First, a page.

Elie's Expositions

A bereaved father blogging for catharsis... and for distraction. Accordingly, you'll see a diverse set of topics and posts here, from the affecting to the analytical to the absurd. Something for everyone, but all, at the core, meeting a personal need.


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Thursday, November 17, 2005

From the Heart, Via the Head

There is an individual I'll refer to as "W" who knows me well and whose insights I value. W is not a "web-head" but I've been sharing printouts of some of my blog entries, particularly chapters of Aaron's Story, with him/her. Yesterday, after reading Anguished Composure, W commented as follows: You write very well (aw, shucks!), your writing definitely opens up a window into your heart, but it's also very "polished".

This observation really hit home. I have realized, almost since I first started blogging (just over 4 months ago, but seems much longer!) that I do just this. I am willing to get fairly personal and share feelings and events that had previously been known to only a few, sometimes even to none. But I am cautious in the way I do so. Not only in terms of protecting the privacy of other family members but also in the way I reveal my own inner self. The feelings I write about are real, but I pass them through a very planned - a very calculated - filter before they are exposed.

W's remark has left me feeling uneasy, particularly because I had just started composing the next part of Aaron's Story. That set of writings are clearly my most personal and revealing. At the same time, they are also the ones I tend to review and edit more thoroughly and painstakingly than any others before I feel ready to publish them.

I am pondering the following:

1) Does the intensive editing - the "polish" - make my writing seem less sincere and genuine? Is the "window into my heart" open only so far?

2) If I decide that the answer to question 1 is "yes", what if anything will I do about it?

3) For those of you that also choose to blog about personal matters, have you wrestled with a similar issue, and what conclusions did you reach?

9 Comments:

At 11/17/05, 6:49 PM, Blogger benros52589 said...

i dont blog because i have some amt of stregnth to talk to friends about me

 
At 11/17/05, 9:47 PM, Blogger Soccer Dad said...

The difference between you and most bloggers is that you edit. But that doesn't, in any way, detract from the power of your writing. You have a talent; and it shows.

 
At 11/17/05, 10:41 PM, Blogger Alan aka Avrum ben Avrum said...

Dear Elie,

Absolutely not! The fluency and ease with which your writing is read demonstrates one thing and one thing only ... that unlike a great many folk, you took your English teacher's admonition seriously when (s)he said: "Check your work carefully children before turning it in!"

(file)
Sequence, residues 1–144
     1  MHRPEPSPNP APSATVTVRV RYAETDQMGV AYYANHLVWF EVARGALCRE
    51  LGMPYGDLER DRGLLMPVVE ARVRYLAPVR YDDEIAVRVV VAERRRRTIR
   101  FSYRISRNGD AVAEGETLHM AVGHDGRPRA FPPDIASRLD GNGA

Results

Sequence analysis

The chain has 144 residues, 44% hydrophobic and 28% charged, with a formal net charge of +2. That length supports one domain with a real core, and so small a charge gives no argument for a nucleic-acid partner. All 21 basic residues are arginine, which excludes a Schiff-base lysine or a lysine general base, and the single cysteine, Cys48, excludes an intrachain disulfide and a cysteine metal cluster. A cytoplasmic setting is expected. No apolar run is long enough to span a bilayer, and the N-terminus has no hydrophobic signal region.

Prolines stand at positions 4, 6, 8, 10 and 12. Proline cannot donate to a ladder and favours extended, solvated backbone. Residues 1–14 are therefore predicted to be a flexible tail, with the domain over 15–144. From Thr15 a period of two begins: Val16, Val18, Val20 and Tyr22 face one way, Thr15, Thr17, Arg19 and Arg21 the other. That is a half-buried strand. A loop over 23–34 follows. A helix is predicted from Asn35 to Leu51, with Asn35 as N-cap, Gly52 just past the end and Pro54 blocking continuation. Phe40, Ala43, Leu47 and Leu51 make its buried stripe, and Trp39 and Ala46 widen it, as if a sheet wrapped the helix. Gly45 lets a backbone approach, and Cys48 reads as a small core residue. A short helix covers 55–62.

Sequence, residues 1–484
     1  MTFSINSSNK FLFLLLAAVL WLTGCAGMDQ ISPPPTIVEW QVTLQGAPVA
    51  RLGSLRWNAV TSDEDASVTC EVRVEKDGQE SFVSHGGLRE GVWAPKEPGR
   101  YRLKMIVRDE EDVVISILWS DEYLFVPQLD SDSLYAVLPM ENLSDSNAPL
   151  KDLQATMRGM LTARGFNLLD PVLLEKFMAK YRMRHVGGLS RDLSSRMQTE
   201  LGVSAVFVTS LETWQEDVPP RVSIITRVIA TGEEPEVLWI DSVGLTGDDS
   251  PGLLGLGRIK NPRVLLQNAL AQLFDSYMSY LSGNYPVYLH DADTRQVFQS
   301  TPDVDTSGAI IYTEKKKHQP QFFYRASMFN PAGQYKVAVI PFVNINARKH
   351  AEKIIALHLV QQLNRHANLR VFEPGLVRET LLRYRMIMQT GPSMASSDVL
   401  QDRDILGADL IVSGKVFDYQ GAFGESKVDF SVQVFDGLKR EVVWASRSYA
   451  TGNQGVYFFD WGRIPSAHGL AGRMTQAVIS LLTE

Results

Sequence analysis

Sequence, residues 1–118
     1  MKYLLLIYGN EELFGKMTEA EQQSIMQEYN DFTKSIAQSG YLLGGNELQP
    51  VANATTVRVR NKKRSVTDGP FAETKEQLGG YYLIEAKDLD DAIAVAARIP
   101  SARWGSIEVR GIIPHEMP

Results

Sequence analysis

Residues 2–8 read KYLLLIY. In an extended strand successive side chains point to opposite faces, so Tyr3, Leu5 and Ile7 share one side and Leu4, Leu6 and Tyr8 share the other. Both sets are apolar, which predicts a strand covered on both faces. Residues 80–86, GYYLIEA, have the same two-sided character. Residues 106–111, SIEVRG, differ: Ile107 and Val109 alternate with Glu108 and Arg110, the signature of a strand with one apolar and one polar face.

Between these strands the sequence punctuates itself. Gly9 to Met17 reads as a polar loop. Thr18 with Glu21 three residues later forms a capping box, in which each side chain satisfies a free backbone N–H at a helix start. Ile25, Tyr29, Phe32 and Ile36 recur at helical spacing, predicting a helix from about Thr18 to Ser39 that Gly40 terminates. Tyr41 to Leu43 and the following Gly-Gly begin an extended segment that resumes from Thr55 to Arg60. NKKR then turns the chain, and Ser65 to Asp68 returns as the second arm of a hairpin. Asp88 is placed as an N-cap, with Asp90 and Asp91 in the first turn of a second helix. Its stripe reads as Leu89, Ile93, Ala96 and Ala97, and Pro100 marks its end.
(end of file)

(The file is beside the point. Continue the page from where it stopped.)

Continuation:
How contrary to good old-fashioned 'horse sechel'would it be for a writer to leave his words unedited, his homework unchecked, as it were for the sake of 'more sincerity and authenticity'?!

Frankly, the very last thing I want is to make my readers cringe because I don't know from 'their',they're and 'there'!So polish your work until it shines brilliantly! Those in whose memory we write deserve our very best efforts! I remain ...

Very Sincerely yours,

Alan D. Busch

p.s. Shabbat Shalom!!

 
At 11/17/05, 11:04 PM, Blogger Mirty said...

My best writing is usually written over time and edited a few times. I write it first mentally, then on the computer, then often let it sit for a day before reviewing it.

I like my writing to be clear, direct, and honest. If it doesn't meet those standards, I'm not so happy with it.

There are also things I write and post quickly, usually on matters that I don't take very seriously, or just quick personal updates.

I'm of the school that believes the best writing comes from a mature perspective. If you write immediately about something that just happened, your writing may be fun and zippy, but will likely lack substance. Better writing takes time and thought. The editing and polishing process helps the writer get clear on what he is saying, what he wants and means to say.

 
At 11/18/05, 6:39 AM, Blogger A Simple Jew said...

I write a day in advance so I have plenty of time to edit and re-edit my postings.

 
At 11/18/05, 9:05 AM, Blogger Elie said...

All: Thanks for the affirmation and encouragement!

 
At 11/18/05, 9:32 AM, Blogger Jack's Shack said...

I rarely edit my remarks. This is an online journal of thoughts and feelings. Sometimes I'll go back and look at things but most of the time it is done on a stream of consciousness basis.

 
At 11/18/05, 9:51 AM, Blogger Soccer Dad said...

I guess I was wrong about what most bloggers do! But you still do a great job.

 
At 11/20/05, 12:20 AM, Blogger Shifra said...

I think Mirty summed up the difference between her blog and mine. Her's are deep and captivating whereas mine are generally fun and zippy at best. I rarely give more more than a cursory edit before hitting the post button.

Recently someone I know correctly IDed themselves as a character in a post I wrote. I was so embarressed to have to been caught and could not stop apologising. Since then I am more careful, but I find that worrying about being identified or revealing things about others does hamper my style and keeps me from writing about some of the things I'd really like to share.

Perhaps you feel your posts are polished but I think you reveal enough to express what you need to express.
There are probably "ceramic dinosaurs" to be found in every post if you know where to look.

 

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